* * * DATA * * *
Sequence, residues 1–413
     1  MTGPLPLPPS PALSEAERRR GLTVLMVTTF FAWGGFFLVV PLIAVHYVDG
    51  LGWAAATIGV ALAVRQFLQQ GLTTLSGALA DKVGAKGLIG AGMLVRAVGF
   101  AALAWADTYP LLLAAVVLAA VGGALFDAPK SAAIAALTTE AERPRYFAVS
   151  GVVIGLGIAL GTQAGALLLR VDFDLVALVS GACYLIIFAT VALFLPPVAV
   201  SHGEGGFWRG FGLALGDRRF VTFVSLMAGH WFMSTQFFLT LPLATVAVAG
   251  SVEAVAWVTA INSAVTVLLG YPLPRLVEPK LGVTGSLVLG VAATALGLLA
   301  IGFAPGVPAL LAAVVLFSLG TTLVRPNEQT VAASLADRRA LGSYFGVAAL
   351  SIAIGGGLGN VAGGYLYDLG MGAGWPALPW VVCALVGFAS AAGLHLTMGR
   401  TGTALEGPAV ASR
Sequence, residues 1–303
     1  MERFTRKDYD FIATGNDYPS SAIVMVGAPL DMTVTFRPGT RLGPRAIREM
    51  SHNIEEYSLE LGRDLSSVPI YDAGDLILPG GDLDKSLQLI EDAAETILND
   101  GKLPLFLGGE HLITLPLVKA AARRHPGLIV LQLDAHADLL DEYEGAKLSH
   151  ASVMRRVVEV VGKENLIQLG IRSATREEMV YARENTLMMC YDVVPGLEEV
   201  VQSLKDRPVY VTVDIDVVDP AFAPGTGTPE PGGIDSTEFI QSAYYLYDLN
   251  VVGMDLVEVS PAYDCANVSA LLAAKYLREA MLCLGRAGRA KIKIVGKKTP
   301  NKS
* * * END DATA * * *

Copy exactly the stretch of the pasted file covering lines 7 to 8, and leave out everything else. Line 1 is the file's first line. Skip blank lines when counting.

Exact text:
   251  SVEAVAWVTA INSAVTVLLG YPLPRLVEPK LGVTGSLVLG VAATALGLLA
   301  IGFAPGVPAL LAAVVLFSLG TTLVRPNEQT VAASLADRRA LGSYFGVAAL